Developing energy efficient processors has long been a design focus at AMD. In 2014 we started talking about our goal to improve the energy efficiency of our mobile processors – those found in laptops, for example – by 25 times by 2020. That’s a lot. Using a car analogy, this rate of improvement would be like turning a 100-horsepower car that gets 30 miles per gallon into a 500 horsepower car that gets 150 miles per gallon in only six years.
We’re well on our way towards achieving this goal with the launch this summer of the6th Generation AMD A-Series APU, also known as “Carrizo.” This latest processor achieves a 2.4x improvement in energy efficiency over our prior generation, placing AMD ahead of the pace needed to realize our 2020 goal. With the product designs currently in development, I’m very confident we will achieve this goal.
Developing energy efficient processors for our customers and delivering longer battery life for end-users also aligns perfectly with our efforts to reduce the carbon footprint of our company and our products. It’s also the right thing to do. Climate change is arguably one of the most significant issues facing humankind today. One of the corollaries to improving energy efficiency of our products should be a reduction in their “carbon footprint.” To determine this footprint, the amount of “carbon emissions” from each phase of the product lifecycle, from manufacturing to transportation to consumer use has to be measured. These carbon emissions, also known as “Greenhouse Gases” (GHGs), when emitted to the atmosphere accumulate and trap the sun’s energy, leading to climate change.
We recently conducted a carbon footprint study to determine whether the improvement in energy efficiency with the 6th Generation AMD A-Series APU also resulted in a reduction in greenhouse gases. This involved an apples-to-apples comparison of this processor compared to our prior generation product using a standardized reference platform. The study followed the guidelines set forth by the widely accepted Greenhouse Gas Protocol established by the World Resources Institute and World Business Council for Sustainable Development. The study then underwent third party critical review to check for adherence to those standards.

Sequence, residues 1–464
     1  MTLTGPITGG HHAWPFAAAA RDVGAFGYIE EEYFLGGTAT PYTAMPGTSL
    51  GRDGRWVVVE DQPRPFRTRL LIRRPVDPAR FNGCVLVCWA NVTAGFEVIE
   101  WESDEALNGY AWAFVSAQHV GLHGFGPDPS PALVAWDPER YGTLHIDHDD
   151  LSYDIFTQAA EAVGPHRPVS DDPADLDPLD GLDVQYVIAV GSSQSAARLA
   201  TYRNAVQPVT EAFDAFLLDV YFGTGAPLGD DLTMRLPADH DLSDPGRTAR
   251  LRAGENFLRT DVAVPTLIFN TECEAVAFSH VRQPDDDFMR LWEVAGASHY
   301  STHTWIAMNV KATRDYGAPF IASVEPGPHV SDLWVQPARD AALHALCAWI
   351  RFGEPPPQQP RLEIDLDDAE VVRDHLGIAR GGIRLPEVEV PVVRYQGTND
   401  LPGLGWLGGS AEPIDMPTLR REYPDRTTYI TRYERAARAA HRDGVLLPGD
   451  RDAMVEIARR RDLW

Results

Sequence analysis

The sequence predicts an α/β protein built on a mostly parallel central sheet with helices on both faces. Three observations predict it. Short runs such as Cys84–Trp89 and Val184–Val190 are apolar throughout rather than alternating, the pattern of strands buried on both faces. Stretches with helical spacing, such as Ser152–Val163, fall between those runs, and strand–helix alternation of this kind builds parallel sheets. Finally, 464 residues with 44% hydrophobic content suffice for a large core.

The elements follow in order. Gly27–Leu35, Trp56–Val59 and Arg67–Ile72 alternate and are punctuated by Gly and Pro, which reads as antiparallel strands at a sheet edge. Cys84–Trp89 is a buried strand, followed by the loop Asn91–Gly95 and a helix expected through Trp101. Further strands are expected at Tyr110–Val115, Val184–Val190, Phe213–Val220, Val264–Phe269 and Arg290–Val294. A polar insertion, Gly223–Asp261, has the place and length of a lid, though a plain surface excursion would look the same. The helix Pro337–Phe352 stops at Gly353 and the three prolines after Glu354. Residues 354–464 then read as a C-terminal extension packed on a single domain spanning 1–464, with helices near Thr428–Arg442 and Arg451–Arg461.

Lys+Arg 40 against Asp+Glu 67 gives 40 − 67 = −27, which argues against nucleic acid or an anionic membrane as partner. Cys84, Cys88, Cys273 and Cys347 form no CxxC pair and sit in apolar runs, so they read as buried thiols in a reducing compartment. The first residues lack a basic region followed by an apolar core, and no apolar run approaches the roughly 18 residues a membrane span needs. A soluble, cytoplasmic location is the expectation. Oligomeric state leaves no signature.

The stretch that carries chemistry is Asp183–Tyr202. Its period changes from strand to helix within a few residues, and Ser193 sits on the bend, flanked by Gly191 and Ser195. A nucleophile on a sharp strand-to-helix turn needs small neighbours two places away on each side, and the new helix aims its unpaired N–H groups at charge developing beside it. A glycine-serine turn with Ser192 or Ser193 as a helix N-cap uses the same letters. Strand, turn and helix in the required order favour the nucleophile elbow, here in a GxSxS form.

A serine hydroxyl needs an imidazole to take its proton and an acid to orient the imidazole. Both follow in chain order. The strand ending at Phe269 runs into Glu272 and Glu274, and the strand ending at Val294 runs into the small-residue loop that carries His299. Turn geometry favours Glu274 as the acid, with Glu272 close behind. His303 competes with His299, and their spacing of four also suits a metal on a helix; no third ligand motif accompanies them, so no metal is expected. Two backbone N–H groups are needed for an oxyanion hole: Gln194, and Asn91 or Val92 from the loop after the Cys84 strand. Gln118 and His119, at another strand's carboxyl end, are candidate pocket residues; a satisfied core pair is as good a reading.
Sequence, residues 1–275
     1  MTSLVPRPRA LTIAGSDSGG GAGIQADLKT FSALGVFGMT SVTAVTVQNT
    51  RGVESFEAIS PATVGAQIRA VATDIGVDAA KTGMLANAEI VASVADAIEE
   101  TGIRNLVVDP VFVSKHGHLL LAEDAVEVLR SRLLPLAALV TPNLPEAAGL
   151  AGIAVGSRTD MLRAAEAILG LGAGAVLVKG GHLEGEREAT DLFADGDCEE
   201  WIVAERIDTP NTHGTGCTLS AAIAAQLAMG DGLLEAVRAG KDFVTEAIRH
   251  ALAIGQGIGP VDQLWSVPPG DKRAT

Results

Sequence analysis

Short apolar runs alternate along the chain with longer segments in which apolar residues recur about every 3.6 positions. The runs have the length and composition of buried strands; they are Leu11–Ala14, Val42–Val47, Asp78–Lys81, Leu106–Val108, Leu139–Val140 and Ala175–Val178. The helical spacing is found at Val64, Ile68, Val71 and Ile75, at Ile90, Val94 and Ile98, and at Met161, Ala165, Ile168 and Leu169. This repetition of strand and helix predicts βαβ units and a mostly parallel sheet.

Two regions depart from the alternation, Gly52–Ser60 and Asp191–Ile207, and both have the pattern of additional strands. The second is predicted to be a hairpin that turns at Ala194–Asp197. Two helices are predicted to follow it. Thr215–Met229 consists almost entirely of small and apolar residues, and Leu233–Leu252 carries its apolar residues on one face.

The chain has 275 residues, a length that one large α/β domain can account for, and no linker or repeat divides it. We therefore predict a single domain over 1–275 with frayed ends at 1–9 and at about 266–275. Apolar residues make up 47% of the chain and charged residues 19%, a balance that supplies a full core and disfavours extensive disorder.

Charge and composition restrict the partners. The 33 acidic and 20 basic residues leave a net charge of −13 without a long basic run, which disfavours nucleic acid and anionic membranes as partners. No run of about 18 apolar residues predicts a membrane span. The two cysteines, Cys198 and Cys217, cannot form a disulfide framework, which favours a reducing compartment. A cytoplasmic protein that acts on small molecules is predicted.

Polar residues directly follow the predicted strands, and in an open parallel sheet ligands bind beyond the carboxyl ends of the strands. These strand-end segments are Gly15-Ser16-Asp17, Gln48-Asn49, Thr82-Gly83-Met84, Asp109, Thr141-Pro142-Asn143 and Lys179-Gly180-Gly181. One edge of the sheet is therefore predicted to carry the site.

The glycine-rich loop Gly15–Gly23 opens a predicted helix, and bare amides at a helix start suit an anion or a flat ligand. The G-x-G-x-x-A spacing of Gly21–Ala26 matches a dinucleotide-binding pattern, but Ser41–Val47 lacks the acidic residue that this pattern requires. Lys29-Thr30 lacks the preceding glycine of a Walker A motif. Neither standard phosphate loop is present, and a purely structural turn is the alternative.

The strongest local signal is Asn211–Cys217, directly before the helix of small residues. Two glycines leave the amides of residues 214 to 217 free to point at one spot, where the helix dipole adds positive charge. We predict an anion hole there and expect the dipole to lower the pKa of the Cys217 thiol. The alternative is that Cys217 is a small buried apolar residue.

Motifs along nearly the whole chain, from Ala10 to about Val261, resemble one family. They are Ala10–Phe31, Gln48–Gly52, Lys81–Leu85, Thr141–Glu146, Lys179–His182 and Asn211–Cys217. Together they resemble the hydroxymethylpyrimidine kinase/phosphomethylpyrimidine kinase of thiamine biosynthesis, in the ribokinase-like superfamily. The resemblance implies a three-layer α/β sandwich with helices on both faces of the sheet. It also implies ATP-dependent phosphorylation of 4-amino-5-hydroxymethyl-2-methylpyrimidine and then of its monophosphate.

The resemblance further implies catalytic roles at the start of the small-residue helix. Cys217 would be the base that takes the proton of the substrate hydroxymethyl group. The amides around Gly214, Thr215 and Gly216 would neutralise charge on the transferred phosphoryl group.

The results are now available. The findings show that the carbon footprint of the 6th Generation AMD A-Series APU is approximately 46 percent less than the prior generation processor. This assumes a three year service life and typical usage scenario. The use phase of the processor is the largest contributor to the overall carbon footprint. These results indicate that an end user upgrading to a notebook computer using the latest processor can expect a 50 percent reduction of GHG emissions over the service life of that product compared to one using the prior generation.
This sounds good, and it is. And this is another data point to validate that our design efforts are on track. But just what does this mean in terms of the impact? For each individual processor this is fairly small. With larger numbers it becomes more interesting. Consider the use case of a large enterprise. If this firm upgraded 100,000 machines from the prior generation to ones using the newest processors – with other components remaining the same – they could potentially achieve reductions of 4.9million kWh and 3,350 metric tons of GHGs over a three year service life. The power saved would be enough to power 461 US homes for a year.
That’s significant. If similar improvements in energy efficiency played out across the larger universe of Information and Communications Technologies (ICT) that includes computing and communication devices encompassing not only computers but also televisions, cell phones, network hardware, satellite systems and more, the impact would be dramatic.
Complete results and the details of our Carbon Footprint study, entitled Comparative Carbon Footprint Assessment of the Manufacturing and Use Phases of Two Generations of AMD Accelerated Processing Units, can be viewed here.
Mark Papermaster is Senior Vice President and Chief Technology Officer at AMD. Links to third party sites are provided for convenience and unless explicitly stated, AMD is not responsible for the contents of such linked sites and no endorsement is implied.